Tuesday, July 15, 2008

Perfectionism: About Love's Chosen Child (?”Botkin Syndrome”?)

Series of posts about Covert Incest from “The Emotional Incest Syndromeby Patricia Love with Jo Robinson.. Exploring the dynamics of covert (emotional or non-sexual but gender-related) incest.
Consider her writings to determine for yourself whether Love's description applies to the “daughterhood movement” concepts of children giving their hearts to their fathers as advocated by the Botkins and patriocentrists (?“Botkin Syndrome”?).

The Perfectionism of the Chosen Child
(The child within a relationship of enmeshment with a parent.)

From pages 43 – 46:

(BUY THE BOOK if you find this relevant to you!
This is a gross condensing of the main points of the text!)

Denial of Needs
“It's really strange, but I didn't realize I had any fears or problems until I was twenty years old. I did have them, of course, but I blanked them out. It's almost as if I were two people – one who was always on top of things, and then an inner one that was terrifyingly needy. I didn't let that inner one see the light of day.”

It's normal for children to be “trouble” from time to time. They need you when you're busy; they ask questions for which you have no answers...they are a constant reminder that you do not have a solution to all of life's problems.

The Chosen Child often has to repress these needs. A client nicknamed Sunny told me that she'd gotten her nickname from her mother, who elected her to be her perfect well-adjusted child. “You're always happy,” she would tell her daughter. “You're always smiling.” The hidden message was, “Don't be unhappy or have any problems.”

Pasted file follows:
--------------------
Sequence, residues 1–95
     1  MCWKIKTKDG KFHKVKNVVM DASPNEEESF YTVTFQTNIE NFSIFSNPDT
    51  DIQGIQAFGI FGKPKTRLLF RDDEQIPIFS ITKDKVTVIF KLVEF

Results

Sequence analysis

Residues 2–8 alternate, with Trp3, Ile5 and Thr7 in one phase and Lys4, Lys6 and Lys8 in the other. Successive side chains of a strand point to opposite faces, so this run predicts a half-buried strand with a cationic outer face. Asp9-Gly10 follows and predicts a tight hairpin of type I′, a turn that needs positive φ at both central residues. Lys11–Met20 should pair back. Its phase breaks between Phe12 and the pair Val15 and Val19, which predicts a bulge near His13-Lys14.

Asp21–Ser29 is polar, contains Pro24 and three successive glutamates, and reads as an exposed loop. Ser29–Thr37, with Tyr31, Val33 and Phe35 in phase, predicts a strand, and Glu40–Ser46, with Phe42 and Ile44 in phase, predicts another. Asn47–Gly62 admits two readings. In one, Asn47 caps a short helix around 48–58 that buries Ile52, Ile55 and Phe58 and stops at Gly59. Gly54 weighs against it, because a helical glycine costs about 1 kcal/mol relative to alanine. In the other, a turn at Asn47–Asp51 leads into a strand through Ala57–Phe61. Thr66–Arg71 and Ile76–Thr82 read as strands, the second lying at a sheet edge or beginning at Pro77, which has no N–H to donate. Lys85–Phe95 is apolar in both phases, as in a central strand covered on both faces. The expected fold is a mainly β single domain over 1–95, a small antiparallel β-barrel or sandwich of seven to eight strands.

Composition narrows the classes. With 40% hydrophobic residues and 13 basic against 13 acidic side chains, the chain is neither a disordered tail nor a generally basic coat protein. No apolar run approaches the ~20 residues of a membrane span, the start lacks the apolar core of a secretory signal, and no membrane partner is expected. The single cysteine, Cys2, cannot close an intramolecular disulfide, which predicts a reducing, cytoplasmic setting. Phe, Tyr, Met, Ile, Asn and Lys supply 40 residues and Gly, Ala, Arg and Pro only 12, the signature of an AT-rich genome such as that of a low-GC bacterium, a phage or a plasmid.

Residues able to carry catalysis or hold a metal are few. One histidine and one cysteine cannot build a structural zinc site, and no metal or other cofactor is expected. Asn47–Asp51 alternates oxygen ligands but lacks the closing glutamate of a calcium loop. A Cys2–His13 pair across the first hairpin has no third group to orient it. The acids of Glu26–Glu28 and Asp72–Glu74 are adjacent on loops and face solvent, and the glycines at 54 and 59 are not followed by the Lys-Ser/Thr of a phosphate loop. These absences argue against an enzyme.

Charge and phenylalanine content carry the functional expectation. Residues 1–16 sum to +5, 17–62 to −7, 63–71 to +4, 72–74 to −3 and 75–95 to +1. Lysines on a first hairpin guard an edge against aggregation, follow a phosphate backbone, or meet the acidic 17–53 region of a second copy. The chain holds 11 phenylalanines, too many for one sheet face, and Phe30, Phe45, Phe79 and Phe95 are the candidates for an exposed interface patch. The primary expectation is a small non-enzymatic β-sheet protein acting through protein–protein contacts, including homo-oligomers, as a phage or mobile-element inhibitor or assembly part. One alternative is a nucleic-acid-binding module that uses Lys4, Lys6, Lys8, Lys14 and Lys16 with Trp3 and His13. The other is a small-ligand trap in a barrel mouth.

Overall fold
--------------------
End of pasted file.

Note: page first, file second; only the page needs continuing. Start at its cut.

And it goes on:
Compulsive Need to Succeed
“I'm one of the most driven people I know. I once dreamed that I was going to be killed unless I was promoted to vice president of my firm. I woke up in a cold sweat. But that nightmare was just an exaggerated version of what I feel every moment of the day.”

Many Chosen Children are burdened by the belief that they count only if they are superior...It took me many years to get a handle on this embarrassing episode. What I eventually realized what that my compulsive drive to succeed was a direct consequence of my mother's high expectations and of my secret fear of inadequacy. I felt I had no choice but to live up to her unrealistic vision of me... [P]art of my legacy as a Chosen Child was the belief that to be average or ordinary is to fail.

Excerpt from

Dr. Patricia Love's
The Emotional Incest Syndrome:
What to Do When a Parent's Love Rule's Your Life

Bantam Books, 1990